Manchester City 2 West Ham United 0 & The Parade: Some Thoughts
And relax everyone. Manchester City are the 2013/14 Premier League Champions and double winners. Feels good, right?
The morning dragged on and on, the clock seemingly ticking backwards, and I just wanted the match to start. The weather was all over the place and once more I worried as I had in midweek that it would be a “great leveller”. As for the team itself, no surprises there, though I half-expected Milner to start. It was a good enough team anyway and at last there was a fully-fit squad to choose from.
In the end, City didn’t put us through the wringer quite as much as last time. The news that Liverpool were losing quite early on settled a few nerves as the team pushed forward without reward much like the previous game. And once more the players knew how to hold their nerve when all around them were losing theirs.
What’s more, the atmosphere, despite the nerves was good, as it should be. The players went about their business in a professional manner and when you look at the game as a whole, the result was rarely in doubt, though it may not have felt like it at the time. The truth is it could have been more, with the woodwork struck, the keeper making one great save from Nasri, Aguero spurning two good chances and various other shots whistling over the bar. West Ham didn’t muster one good chance but got into good positions to do so occasionally.
But of course this is City. After going two goals up their concentration slipped slightly for five minutes or more and news filtered through that Liverpool were now a goal up and a man up as Phil Dowd tried his hardest to help Liverpool. You could sense the nerves kick in around the ground and a subdued atmosphere followed, City fans broken by decades of failure worried that West Ham only needed three goals to ruin everything. Of course, it was never really going to happen, but only on 88 minutes did the crowd deem it say to sing about being champions. A man who tried to on 80 minutes was quickly silenced, the odd death threat slung his way.
So at last full time, and not quite the carnage of last time as City strolled over the line, but it still felt magnificent. Respect also to the West Ham fans who stayed to watch the presentation and a bit of mutual admiration is always heart-warming in this cynical, modern world.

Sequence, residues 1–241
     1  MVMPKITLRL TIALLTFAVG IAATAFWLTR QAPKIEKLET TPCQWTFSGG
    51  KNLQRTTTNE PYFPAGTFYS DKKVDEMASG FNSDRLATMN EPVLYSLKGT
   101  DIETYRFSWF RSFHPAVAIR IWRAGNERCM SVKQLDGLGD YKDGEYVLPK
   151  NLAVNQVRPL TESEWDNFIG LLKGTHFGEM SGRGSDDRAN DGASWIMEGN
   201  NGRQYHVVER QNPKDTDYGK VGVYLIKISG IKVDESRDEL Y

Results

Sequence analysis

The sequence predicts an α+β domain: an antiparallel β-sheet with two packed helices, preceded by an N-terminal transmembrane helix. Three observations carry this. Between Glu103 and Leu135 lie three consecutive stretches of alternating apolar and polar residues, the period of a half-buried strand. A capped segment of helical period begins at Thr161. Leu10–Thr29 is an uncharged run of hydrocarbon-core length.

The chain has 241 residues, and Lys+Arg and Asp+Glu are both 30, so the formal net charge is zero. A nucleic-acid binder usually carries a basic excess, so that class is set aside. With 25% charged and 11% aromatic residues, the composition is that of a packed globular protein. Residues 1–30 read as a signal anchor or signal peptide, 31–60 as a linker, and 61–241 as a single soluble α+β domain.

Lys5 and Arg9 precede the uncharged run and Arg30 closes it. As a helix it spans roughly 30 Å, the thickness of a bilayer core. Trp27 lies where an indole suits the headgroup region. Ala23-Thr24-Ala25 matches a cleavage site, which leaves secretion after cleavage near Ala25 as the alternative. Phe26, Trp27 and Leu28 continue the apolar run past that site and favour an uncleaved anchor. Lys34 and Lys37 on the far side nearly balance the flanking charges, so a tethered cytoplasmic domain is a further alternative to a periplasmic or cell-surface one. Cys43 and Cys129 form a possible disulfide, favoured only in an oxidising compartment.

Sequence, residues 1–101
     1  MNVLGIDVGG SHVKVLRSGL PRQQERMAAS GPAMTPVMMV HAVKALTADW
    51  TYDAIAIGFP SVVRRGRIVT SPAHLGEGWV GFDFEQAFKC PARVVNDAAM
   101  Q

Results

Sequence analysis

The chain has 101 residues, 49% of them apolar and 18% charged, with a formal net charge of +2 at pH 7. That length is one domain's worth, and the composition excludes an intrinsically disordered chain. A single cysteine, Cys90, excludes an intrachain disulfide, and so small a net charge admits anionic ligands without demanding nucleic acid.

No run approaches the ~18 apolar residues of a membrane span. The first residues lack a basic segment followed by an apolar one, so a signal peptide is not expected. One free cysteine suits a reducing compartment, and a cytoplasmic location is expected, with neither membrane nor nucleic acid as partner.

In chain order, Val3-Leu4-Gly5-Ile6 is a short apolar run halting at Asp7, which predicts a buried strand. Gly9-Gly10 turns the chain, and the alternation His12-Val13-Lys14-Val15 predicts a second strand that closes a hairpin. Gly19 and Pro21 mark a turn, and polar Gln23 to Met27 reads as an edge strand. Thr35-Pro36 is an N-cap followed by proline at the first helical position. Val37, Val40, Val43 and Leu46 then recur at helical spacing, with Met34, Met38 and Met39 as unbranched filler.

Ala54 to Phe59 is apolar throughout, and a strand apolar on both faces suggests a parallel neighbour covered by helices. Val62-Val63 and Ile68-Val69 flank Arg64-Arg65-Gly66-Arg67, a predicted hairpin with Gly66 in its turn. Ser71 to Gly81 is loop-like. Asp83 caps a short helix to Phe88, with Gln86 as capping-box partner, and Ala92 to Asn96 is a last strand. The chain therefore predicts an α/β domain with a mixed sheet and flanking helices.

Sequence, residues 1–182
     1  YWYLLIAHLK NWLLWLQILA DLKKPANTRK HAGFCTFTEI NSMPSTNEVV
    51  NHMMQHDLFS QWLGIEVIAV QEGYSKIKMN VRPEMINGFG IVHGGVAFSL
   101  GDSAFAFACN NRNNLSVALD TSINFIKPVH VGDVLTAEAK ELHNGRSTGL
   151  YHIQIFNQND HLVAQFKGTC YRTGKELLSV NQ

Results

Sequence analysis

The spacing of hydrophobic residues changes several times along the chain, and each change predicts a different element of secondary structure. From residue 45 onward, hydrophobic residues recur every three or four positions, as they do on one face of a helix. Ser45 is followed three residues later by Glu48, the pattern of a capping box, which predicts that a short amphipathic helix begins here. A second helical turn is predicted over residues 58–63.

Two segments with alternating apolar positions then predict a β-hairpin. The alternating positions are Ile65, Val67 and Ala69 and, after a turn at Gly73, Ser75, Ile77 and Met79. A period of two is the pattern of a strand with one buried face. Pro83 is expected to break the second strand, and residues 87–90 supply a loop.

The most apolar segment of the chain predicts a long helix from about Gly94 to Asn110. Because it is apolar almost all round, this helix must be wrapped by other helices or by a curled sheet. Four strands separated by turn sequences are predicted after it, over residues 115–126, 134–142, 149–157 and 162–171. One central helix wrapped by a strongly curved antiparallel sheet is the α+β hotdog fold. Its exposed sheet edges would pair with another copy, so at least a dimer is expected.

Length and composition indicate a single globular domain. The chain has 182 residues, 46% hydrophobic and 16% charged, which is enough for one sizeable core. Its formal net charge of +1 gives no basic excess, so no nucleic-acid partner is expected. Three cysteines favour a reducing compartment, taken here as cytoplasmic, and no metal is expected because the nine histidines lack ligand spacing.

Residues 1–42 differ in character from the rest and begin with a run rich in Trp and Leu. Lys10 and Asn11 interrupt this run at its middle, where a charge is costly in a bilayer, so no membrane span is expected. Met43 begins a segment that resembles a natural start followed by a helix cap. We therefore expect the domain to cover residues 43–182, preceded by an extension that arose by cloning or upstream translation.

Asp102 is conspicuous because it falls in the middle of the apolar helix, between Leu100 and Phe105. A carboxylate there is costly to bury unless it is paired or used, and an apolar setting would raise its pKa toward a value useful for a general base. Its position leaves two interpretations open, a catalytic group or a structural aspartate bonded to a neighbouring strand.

Let’s not forget as we look back on what is perhaps City’s most successful season that only three weeks ago there were serious questions being asked about Pellegrini’s suitability for the job. That says it all really about the modern game and the sense of entitlement that some carry around now.
As I am a sad man, I spent much of the morning retweeting some of the bolder predictions from her majesty’s press, none more so than from the depressing Neil Custis, another man who has never quite got over the sacking of Mancini and thus held a grudge against Pellegrini ever since. John Cross held similar views, and of course the utterly pointless Adrian Durham over at Talksport, but it is always this way. There is a breed of journalists who are simply incapable of analysis and cater for the brain-dead and that’s just the way it is. But these jibes that have followed Pellegrini around all season have helped show in a way why he was appointed in the first place. He has not reacted, apart from one ill-advised attack on a Swedish referee and had given journalists nothing to feed on, to their obvious frustration. Whilst Mourinho has spent the whole season making a fool of himself as expected, Brendan Rogers has strutted about like the messiah (with new woman in tow) and Arsene Wenger has reverted to type and whinged his way through none months, the holistic Pellegrini has just done his job and eventually the football did all the talking. I’m not only happy for myself and all the other fans today and of course the players, but really happy for the Chilean too. He has deserved these trophies and his European drought is over.